It’s easy to get caught up in noise and panic right now. From market performance to when we’ll see a recovery, predictions on what will happen are coming from all around us. But none of them can give the type of expertise and insight that comes from more than half a century in the investment business.
In this conversation, Purpose founder and CEO, Som Seif, talks with portfolio manager Barry Morrison about how his 52-year career has informed his views on:
- what the hardest thing to predict in the market is right now
- what the major opportunities to win are right now and how he takes advantage of them
- what’s different about COVID-19 from past crises and what that means for investors
Read the transcript:
Hi everyone. It’s Som, founder and CEO of Purpose Financial and Purpose Investments. I’m here today with my friend and colleague, Barry Morrison, who runs our pension and institutional portfolios for many of our clients.
One of the things I’ve commented on before is that many people industry in our industry are fairly young, and very few of those participating in it have experience going back more than 30 or 40 years. Most of those in the industry right now were born in the 80s, and it’s very hard to find people who have the experience that spans in the ‘70s and even beyond that.
Barry has one of the great long-term careers, and he’s been in the business for 52 years. He’s our elder statesman at Purpose — he’s been running dividend portfolios for over 23 years and brings a strong, unique perspective. Particularly at moments like this, as he’s gone ups and downs before: Recessions, economic cycles, wars, financial crises, Black Monday and countless other moments that were troubling, even fearsome, for individuals and portfolio managers.
I thought Barry this week could give us some great perspective and let us know how he attacks his job every day, especially right now with the noise and information that is difficult for all of us right now.
A little bit about Barry before we get started. He’s been in the business since 1968 when he joined a business called Dominion Life Insurance Company after he graduated from the University of Waterloo with a B.A. in Economics. He’s been a part of many different iconic Canadian firms, and in 1992 he set up shop with his partner, Les Williams, his own company, Morrison Williams, to run institutional money for ultra-high net worth families and institutional clients across the country.
I was lucky to bring Barry into our team a number of years ago, and having his perspective and guidance around the organization and in the portfolio management room gives a sense of calm, at both the difficult and good moments.
Barry, it’s great to have you here.
I’ve got three questions so let’s get right into them. As I said, you’ve been investing for several decades, and I’d love to hear your insights on how this crisis compares to prior moments. What does this current situation remind you the most of and how are you navigating it?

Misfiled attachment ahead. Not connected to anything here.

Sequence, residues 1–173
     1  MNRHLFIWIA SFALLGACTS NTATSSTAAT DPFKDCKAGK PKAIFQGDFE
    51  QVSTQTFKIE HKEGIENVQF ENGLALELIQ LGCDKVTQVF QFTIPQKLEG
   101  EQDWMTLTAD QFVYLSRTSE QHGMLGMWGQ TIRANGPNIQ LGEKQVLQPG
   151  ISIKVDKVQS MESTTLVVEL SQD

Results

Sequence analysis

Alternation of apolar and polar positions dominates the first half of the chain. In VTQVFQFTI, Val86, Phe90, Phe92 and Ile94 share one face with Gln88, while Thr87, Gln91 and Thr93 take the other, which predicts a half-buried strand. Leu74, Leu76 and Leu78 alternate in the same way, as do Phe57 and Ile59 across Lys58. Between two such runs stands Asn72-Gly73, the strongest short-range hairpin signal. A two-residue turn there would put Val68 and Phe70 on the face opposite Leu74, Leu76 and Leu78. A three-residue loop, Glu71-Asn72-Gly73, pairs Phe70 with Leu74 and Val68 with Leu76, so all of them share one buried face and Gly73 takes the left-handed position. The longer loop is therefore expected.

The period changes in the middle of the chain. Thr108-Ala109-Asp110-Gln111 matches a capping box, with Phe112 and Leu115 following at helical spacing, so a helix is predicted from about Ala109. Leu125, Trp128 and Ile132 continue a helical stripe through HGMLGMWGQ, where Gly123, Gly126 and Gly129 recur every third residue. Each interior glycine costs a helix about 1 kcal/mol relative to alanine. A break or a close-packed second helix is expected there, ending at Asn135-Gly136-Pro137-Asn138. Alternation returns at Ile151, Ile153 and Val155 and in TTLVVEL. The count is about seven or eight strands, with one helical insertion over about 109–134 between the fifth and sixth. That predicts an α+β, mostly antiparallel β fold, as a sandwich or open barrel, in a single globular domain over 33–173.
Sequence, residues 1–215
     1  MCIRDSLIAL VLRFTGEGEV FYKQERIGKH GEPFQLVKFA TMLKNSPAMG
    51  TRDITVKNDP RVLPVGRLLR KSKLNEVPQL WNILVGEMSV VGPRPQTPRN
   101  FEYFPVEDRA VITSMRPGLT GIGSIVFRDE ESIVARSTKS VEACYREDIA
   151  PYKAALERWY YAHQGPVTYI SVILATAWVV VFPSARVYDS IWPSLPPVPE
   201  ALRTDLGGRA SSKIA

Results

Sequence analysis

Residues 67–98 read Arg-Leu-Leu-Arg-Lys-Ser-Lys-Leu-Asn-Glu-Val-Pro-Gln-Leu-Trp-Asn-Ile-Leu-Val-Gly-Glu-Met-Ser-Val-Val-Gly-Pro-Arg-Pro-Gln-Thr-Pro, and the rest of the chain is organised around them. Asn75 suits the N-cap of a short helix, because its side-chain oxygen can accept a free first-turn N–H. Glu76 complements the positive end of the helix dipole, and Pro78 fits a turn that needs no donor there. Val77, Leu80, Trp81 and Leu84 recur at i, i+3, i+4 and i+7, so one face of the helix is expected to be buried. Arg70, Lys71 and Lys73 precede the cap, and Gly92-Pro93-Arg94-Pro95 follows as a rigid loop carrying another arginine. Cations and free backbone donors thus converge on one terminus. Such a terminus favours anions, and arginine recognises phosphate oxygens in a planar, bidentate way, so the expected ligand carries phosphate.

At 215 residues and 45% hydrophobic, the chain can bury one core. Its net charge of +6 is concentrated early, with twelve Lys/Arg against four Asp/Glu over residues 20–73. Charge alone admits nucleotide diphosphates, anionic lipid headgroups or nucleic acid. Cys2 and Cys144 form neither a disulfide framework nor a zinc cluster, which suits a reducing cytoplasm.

It’s a great opportunity, an amazing opportunity, right now to buy your favourite investments. They’ve gone on a massive sale program on your favourite securities.
I lived through the peak in interest rates on September 30, 1981, when you could buy long-term Canada bonds at 18.3% yield to maturity and they were non-callable. I thought I might have lived through the bottom in interest rates, but then on March 9 this year, Canada bonds when down to 1.3% at the bottom. That’s unusual in a career.
To us, doing the research, working with securities, the evidence to us pointed to that if you could identify the companies that paid dividends, and where the dividends would grow longer-term, we started our fund in 1997, we still manage it for Purpose.
As of February 15 this year, our 23-year anniversary of the fund, the compound interest over the years was just under 9%, and almost 75% of the return came from dividends. It’s very powerful. Now, it’s slipped down with the market, we’re down to 7.5% compound and about 95% of the returns come from dividends.
I think it’s a major, major opportunity and the reasons are always different, Som, as you know. It’s not about the financial class this time, it’s people not working — we’ve never been through that before. It’s always different: It was the tech crack at one time, housing collapse, it’s always a different reason that causes these great opportunities in the market.
We’re in there with both feet. One of our long-term clients that we manage actually gave us a large amount of money in the last month because they see it as an opportunity to re-invest. Pick your favourite investments and put your money into it. We won’t bottom, we will come out of it, and life will go back to maybe 80% of normal by this time next year.
The hardest thing in the markets I find is figuring out how far the markets are looking ahead. I can tell you that in February and March the markets were only looking ahead to the next day, maybe the next week. But then they switch and start looking out further, maybe a year or two to the recovery. That’s the toughest thing to figure out in the markets right now.
That’s a great perspective on how the market sentiment shifts.